Billy Graham

Graham, Billy (William Franklin Graham)grāˈəm, 1918–, American evangelist, b. Charlotte, N.C., grad. Wheaton College (B.A., 1943). Graham was ordained a minister in the Southern Baptist Church (1939), was the pastor of a Chicago church (his first and last pastorate), and in 1944 became an evangelist for the American Youth for Christ movement. In 1949 he received national attention for an extended evangelical campaign in Los Angeles. He subsequently made preaching tours (for which he popularized the term "crusade") in most major U.S. cities and in Europe, Africa, South America, Asia, Australia, and Russia. His reputation made him a favored guest among politicians and presidents. Graham, who in his preaching has consistently stressed personal conversion and scriptural authority, is identified with the conservative Protestant movement known as neo-evangelicalism (see fundamentalism) and is to a large degree responsible for establishing it as part of the American mainstream. He is also the co-founder of the journal Christianity Today. The Billy Graham Evangelical Association, founded in the early 1950s, publishes Decision magazine and produces programs for radio, television, and screen. Graham retired as head of the association in 2000; Franklin Graham, his son, succeeded him as its leader. Billy Graham held his final crusade in 2004.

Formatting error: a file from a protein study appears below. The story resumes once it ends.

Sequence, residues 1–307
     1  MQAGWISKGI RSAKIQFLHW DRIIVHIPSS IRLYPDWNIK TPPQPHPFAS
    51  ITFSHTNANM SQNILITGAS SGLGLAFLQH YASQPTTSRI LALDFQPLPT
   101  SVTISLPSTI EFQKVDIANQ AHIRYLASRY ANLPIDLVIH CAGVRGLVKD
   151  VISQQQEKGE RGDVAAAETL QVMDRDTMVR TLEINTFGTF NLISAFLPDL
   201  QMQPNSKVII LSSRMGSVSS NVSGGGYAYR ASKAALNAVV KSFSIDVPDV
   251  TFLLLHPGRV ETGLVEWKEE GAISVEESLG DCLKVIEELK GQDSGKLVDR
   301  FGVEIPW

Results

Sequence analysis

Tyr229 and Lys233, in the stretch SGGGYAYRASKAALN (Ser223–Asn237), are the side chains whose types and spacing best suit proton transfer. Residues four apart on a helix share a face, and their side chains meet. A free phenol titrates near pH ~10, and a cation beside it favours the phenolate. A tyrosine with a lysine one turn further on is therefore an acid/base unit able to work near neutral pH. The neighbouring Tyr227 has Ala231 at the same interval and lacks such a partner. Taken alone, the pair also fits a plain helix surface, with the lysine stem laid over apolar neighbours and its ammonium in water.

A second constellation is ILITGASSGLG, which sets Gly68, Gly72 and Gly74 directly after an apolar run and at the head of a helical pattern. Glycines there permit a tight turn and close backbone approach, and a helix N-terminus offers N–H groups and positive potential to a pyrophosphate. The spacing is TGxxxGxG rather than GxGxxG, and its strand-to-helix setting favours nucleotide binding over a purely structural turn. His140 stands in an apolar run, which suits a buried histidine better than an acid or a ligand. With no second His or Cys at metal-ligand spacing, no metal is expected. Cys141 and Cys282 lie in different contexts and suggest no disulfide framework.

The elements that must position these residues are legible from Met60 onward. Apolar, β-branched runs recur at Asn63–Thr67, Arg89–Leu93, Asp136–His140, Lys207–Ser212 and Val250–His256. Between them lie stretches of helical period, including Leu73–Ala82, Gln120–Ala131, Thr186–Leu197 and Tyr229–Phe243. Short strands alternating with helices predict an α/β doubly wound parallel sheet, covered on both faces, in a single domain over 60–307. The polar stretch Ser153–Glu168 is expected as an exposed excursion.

See his autobiography, Just as I Am (1997); biographies by W. C. McLaughlin (1960), M. Frady (1979), and W. Martin (1991); study by S. P. Miller (2009).

The Columbia Electronic Encyclopedia, 6th ed. Copyright © 2012, Columbia University Press. All rights reserved.

See more Encyclopedia articles on: Protestant Christianity: Biographies


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